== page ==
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Spring is sprung…head over to Brooklyn Bike and Board.

We got a brief taste of good weather this Sunday and temperatures peaked up into a nice level of “take your bike out from the moth balls and see if you can get a tune up.” I noticed a small crowd had gathered near the Mom and Pop bike shop near my apartment in Park Slope. Everyone was looking like they wanted their bikes in working order to get ready for the hopeful onslaught of good weather. Its all good and here’s to more bikers on the streets giving the cars a run for their money. Maybe we can pick up a few more who are tired of being price gouged by the MTA who offer higher prices and lower service.

One place I’d like to recommenced for your winter dust off is the nice folks over at Brooklyn Bike and Board.
Website: Brooklyn Bike and Board
Location: 560 Vanderbilt Ave. Brooklyn, NY.

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Started back in December by Brian Gluck this shop is mostly designed for repairs with three full time mechanics ready to fix your ride and answer questions, including Max who rode his Xtracycle all the way across country from Seattle.

I was impressed right when I walked in the shop because they had this huge wood electrical spool in the front window servicing as a work bench. The idea was to create a place where people could do quick flat repairs if they wanted to learn. I like the community feel of this shop and the DIY spirit.

I decided to give my Orange KHS a paint job. First step was to strip off all the parts.
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One problem I had was my crank was stripped out.
Max had a solution which involved a hammer and a screwdriver. It was a mercy killing…had to be done.

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They did an excellent job and fixed another track bike I brought in.
If you need a good group of wrenches…I highly recommend this shop.

Looks like they have some community welcoming plans for the summer including some morning rides in Prospect Park and eventually movie screenings in their backyard.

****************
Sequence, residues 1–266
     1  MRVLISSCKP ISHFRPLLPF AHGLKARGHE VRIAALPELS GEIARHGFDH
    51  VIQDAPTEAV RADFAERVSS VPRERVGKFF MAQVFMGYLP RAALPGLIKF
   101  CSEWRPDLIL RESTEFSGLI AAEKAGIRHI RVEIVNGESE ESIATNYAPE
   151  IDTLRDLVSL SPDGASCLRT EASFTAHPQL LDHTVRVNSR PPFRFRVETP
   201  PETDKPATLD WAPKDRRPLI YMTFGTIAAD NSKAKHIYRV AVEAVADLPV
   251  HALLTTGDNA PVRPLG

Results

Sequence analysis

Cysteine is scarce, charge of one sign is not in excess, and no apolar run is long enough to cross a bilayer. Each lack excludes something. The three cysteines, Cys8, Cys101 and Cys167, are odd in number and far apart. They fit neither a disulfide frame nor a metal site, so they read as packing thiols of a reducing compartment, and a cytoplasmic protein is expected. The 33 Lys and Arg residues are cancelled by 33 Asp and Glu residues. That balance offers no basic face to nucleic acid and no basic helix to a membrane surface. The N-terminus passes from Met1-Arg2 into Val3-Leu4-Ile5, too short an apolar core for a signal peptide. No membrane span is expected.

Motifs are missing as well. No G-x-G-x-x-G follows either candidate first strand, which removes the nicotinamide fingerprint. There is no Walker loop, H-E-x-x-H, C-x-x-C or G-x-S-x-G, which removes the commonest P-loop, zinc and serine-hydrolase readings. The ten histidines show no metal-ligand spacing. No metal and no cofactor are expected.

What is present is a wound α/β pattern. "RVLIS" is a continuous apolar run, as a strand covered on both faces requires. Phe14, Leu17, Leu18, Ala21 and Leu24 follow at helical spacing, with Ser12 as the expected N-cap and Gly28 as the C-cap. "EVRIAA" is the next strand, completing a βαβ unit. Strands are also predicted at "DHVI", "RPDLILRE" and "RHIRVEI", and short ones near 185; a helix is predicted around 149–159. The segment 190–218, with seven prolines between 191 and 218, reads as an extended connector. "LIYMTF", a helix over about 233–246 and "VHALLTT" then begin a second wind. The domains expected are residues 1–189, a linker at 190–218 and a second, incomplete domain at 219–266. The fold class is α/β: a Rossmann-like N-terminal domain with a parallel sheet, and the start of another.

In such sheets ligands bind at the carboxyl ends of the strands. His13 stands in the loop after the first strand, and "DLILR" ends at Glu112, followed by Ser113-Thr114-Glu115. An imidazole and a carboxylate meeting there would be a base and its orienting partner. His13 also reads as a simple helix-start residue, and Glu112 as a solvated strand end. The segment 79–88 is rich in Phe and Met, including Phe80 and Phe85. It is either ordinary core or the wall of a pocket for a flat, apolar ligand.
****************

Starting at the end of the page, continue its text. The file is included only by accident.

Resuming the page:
Right now there inventory is kind of sparse but they are slowly expanding. They also sell skateboards too, which accounts for the board part of their title.

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Check these guys out and keep track of their blog too for upcoming events.

I asked Brian (the owner) a few questions about how he got started:

when did you open the shop and how long have you been in the bicycle business?

I opened shop on Friday, December 12th, 2008. It was such a strange day. I had gone to Home Depot to buy the “non” bike shop tools the previous Wednesday. The rest of the tools were delivered Thursday. I spent Thursday night setting up my work bench, organizing the tools, etc. It was exciting because I didn’t have any merchandise or inventory, so these tools were the first physical and tangible evidence that I was, in fact, opening a bike shop.

I came into work Friday morning, and it sort of dawned on me. Hey… I’m open. Wait wait wait wait…. I’m open… I’M OPEN! WHAAA!?

And just like that I owned a bike shop.

I printed out a sign, taped it to the window, and that was it. No fan fare. No ribbon cutting. No party. Just me, my tools, a cup of coffee, and a very empty space.

what is good about that location?

Oh that’s easy: it’s the people in the neighborhood. You have the Roadies peaking in sitting atop their Pinarello’s on their way to the park. The Pratt students with their thrown together single speeds. The mom’s and dad’s and their three wheeled strollers, with one, two, and sometimes all three of their tires flat.Their look of helplessness is almost painful. Oh, and then there’s three-speed crowd. An indescribable group that love the classic look and European feel. Their indicator chains swinging sadly at the ground, waiting to be reattached to something. The variety of people and their variety of bikes makes for such a rich and exciting bike culture. This location is one giant cauldron that’s being mixed by a bike god that has a multiple personality disorder.